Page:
Monday, August 11, 2008

The Crossroads

The Crossroads
By Chris Grabenstein
Random House 2008
Middle Grade Ghost Story

I picked up The Crossroads, by Chris Grabenstein, because of the title. Years ago, criminals were often buried at a crossroads in the belief that their ghosts wouldn't be able to find their way back to town, so the title indicated it might be a paranormal story. I picked it up and read the back cover. It read:

Have you ever seen a face hidden in the bark of a tree and known the man trapped inside wanted to hurt you?
Oooh. Cool, I thought. I flipped to the front jacket blurb. It read:

Meet Zach Jennings.
Awesome kid.
He has a hardworking father.
A new stepmother.
A new house.
Even a new dog, Zipper.
Things are looking up for Jack.
Except that there is this ghost.
This really nasty ghost.
A ghost who kills people.
And Zach is on his list.

Now how can you not pick this book up? I bought it, ($16.99) took it home, and started to read.

The Crossroads is about eleven year old Zach Jennings who moves to his Dad's old home town, right on the intersection of County Road 13 and State Highway 31. Neither he, his dad, or his new stepmom knows a terrible car accident happened there fifty years ago where a busload of people, a police officer, and the driver of another car were all killed. Nor do they know the ghosts of all those people still wander about town, and the ghost of the man who caused the accident - a particularly nasty man - just happens to be trapped inside the tree in their back yard. During a storm, lightning hits the tree and the ghost escapes, intent on getting revenge on all the people who ruined his life while he was alive.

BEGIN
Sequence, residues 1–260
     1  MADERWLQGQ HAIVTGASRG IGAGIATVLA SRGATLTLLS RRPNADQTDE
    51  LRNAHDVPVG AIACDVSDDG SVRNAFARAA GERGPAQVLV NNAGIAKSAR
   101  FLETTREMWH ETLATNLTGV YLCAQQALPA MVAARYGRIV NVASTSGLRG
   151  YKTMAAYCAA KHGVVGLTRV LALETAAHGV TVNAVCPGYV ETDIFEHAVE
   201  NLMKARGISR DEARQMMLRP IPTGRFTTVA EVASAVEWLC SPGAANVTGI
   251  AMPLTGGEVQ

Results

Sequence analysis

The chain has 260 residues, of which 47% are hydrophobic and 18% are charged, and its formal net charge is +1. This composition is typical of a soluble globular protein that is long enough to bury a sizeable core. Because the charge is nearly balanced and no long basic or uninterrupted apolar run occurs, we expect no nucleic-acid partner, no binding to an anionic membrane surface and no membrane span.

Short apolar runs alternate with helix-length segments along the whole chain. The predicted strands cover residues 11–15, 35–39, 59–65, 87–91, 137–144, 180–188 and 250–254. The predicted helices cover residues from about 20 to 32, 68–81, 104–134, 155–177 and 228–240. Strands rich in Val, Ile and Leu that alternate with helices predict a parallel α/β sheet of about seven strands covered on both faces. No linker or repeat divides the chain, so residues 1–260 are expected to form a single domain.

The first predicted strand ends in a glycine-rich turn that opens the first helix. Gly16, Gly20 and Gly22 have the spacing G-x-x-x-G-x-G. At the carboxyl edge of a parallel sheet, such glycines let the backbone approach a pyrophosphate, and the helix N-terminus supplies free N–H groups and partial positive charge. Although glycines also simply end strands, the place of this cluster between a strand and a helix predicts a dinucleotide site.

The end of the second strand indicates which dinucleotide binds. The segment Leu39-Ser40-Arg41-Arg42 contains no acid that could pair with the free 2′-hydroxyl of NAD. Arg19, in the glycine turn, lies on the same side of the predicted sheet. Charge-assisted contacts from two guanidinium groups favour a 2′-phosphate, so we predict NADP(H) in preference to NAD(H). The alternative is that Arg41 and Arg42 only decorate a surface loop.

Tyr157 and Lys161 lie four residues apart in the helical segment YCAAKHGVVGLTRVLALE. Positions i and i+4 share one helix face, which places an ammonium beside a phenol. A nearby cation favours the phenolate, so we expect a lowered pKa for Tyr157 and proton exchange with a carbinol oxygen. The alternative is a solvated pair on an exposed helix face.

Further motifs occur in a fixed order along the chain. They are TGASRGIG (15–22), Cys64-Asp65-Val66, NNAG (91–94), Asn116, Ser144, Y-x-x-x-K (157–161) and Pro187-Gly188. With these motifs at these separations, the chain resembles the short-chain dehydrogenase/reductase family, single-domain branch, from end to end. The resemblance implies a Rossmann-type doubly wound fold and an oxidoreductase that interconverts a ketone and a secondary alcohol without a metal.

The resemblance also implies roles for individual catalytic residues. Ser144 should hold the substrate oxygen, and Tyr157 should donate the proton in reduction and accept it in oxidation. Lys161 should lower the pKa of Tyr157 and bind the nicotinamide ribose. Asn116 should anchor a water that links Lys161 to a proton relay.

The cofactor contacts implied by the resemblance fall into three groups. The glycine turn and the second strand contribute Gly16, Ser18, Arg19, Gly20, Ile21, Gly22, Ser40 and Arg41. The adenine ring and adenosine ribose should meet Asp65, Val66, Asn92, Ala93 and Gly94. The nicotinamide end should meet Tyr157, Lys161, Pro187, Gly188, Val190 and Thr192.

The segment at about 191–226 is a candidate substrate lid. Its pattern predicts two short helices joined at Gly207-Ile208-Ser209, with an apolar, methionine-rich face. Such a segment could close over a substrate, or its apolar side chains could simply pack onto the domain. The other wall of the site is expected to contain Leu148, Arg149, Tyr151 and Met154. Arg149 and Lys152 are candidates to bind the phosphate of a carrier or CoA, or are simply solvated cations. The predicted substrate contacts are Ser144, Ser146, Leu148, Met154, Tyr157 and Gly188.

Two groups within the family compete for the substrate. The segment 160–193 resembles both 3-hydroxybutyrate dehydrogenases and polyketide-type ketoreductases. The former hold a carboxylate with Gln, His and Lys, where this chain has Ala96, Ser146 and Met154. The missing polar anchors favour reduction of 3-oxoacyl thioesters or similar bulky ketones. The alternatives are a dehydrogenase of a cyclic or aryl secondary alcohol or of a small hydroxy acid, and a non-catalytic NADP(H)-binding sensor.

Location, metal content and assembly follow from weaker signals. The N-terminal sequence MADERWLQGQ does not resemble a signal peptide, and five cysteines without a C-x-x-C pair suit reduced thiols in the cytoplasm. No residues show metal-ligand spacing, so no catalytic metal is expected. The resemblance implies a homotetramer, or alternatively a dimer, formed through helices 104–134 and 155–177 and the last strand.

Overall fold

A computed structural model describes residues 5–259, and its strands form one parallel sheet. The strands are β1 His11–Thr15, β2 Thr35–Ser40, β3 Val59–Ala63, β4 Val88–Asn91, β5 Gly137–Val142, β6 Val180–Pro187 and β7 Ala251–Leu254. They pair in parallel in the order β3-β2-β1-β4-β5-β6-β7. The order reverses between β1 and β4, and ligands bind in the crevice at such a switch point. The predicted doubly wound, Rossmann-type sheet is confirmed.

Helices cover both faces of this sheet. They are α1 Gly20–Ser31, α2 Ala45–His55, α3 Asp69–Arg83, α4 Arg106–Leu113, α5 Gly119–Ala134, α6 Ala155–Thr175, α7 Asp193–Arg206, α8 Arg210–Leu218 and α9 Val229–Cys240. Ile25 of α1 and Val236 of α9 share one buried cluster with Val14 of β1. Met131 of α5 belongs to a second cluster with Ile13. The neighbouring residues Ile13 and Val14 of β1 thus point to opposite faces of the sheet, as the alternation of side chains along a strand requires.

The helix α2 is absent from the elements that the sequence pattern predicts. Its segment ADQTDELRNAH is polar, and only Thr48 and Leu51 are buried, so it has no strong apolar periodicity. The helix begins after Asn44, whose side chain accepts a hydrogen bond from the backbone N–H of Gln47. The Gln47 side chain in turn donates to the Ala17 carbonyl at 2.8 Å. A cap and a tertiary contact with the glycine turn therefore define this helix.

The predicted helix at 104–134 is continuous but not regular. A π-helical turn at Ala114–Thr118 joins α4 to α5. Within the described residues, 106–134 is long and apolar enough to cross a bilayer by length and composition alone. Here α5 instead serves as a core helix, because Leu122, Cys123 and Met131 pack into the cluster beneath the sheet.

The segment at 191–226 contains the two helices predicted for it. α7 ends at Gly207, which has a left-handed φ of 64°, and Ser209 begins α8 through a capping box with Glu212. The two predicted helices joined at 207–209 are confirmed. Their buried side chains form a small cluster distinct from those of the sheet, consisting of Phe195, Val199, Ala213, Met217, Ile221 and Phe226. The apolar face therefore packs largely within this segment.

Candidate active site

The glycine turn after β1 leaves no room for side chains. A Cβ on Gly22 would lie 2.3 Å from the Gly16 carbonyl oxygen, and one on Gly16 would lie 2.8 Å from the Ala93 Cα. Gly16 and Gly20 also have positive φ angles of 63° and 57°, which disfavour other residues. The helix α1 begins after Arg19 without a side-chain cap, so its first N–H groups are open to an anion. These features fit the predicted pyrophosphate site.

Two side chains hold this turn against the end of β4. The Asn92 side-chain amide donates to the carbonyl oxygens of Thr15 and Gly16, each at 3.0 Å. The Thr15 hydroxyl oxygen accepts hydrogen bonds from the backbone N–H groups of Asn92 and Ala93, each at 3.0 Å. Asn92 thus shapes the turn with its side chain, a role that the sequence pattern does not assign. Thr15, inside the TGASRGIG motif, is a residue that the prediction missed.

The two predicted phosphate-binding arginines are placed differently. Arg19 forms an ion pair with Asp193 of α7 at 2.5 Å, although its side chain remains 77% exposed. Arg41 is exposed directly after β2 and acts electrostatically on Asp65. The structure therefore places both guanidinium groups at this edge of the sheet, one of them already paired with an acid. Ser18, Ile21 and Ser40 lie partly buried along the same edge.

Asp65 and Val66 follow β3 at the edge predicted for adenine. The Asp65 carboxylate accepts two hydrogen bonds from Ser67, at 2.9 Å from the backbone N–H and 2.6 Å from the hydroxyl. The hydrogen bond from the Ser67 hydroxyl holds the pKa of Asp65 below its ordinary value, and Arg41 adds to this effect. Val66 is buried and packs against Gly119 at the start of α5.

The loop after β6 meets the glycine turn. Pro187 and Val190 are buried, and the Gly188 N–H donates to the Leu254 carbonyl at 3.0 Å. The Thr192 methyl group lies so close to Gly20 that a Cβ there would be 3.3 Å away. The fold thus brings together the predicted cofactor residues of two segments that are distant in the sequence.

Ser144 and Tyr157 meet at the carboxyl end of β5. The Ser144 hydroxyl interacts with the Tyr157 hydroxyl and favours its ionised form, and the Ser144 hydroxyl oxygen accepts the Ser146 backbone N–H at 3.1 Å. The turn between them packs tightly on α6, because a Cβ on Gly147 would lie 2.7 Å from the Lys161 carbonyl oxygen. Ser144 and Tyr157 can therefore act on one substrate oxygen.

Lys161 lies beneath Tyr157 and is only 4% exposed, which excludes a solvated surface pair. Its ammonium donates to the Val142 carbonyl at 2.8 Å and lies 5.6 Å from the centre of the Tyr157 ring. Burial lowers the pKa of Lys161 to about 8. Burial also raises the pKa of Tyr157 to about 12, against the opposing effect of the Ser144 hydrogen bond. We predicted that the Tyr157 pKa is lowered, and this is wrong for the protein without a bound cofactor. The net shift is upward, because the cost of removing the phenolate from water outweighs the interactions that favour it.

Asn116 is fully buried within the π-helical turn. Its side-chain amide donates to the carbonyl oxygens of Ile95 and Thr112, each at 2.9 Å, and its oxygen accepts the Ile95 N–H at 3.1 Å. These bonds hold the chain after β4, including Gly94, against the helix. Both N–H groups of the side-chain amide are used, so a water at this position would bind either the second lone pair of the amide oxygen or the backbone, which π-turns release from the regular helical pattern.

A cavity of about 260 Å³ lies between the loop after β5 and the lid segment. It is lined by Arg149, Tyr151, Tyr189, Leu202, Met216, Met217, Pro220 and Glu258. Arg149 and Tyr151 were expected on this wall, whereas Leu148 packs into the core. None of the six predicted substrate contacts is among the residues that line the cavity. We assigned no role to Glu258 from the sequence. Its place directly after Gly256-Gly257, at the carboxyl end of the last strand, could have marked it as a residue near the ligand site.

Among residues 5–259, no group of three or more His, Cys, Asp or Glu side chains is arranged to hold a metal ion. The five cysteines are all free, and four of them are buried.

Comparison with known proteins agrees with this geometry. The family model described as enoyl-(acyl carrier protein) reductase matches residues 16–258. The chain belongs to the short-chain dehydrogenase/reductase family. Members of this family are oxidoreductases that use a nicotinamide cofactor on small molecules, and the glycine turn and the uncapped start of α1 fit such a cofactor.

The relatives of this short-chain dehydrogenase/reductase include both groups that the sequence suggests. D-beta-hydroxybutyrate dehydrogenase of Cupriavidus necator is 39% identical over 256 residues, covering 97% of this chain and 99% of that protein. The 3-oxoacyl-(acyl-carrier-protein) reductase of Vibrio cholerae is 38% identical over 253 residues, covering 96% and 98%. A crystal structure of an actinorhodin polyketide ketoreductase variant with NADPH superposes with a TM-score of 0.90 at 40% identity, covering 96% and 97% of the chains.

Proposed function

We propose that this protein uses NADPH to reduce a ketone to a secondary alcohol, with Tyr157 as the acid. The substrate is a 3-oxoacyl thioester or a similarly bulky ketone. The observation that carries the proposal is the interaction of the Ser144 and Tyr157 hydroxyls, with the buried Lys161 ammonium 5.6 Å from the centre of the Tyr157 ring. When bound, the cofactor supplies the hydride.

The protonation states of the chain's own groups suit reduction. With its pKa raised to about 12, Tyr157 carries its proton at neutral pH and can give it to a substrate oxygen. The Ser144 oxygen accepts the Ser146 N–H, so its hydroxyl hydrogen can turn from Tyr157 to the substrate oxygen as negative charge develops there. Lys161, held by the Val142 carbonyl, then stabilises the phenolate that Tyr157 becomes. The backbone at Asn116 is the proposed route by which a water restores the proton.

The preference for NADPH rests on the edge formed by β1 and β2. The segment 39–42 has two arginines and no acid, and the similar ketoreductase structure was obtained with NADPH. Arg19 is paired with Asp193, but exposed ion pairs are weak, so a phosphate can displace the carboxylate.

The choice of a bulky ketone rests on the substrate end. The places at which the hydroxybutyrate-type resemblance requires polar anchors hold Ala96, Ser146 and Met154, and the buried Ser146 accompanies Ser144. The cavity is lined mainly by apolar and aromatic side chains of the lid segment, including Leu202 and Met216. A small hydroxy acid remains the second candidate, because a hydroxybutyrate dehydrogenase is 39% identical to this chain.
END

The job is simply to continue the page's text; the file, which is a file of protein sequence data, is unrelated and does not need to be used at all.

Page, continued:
The novel is written very much like a Stephen King novel - a lot of short chapters involving a lot of people who all come together in one way or another for the story's climax. The opening was slow and hard to get through, and the writing was passive more often than not. I was never sucked into the book. But once the ghost arrived on the scene (page 80) things started to pick up.

Eleven year old Zach Jennings is supposed to be the main character. He's hardly in the story, and when he is, he's practically a secondary character. He doesn't make decisions on his own, he just follows along blindly with whoever else is in his chapter. He doesn't realize anything bad is happening, or that there even is a ghost, let alone a ghost who wants to kill him, until almost the very end. And though the ghost does want to kill him, it's not his main objective. He passes up a chance to kill Zack for the possibility of having a burger, fries and chocolate shake. Killing Zach doesn't become important to him until almost the end of the book.

The real hero of the story is Jack's stepmother, a children's book author. She's the one who discovers the mystery. She's the one who digs up all the clues. Well, she doesn't really dig them up. The local librarian hands her everything she needs to know, then she puts the pieces together. And she gets rid of the ghost. Zach does have a hand in it, but he's just doing what he's told.

Chris Grabenstein normally writes for adults and that may explain why the book is about adults and why the problems are solved by adults. Zach is the one who destroys the tree, but he has no idea why he's doing it, again, not until almost the end. Until then, he's just doing what his friend asks him to do.

And there were a lot of incidents where things just "coincidentally" happened. We never see Zach play a video game, but when he suddenly uses a wrestling move on the ghost, it's one he learned from playing video games. And when his step mom finds a key to a safe deposit box, the librarian's husband just happens to be the man in charge of them at the bank.

And yet, while I did feel like the book fell way short of the promise of the jacket flap, it did keep me interested. Not riveted, but interested. I just wonder if it will keep a kid interested. I'd say pick it up at the library or wait for the paperback.

1 comment:

Jet said...

Not sure I'd waste my time on this one!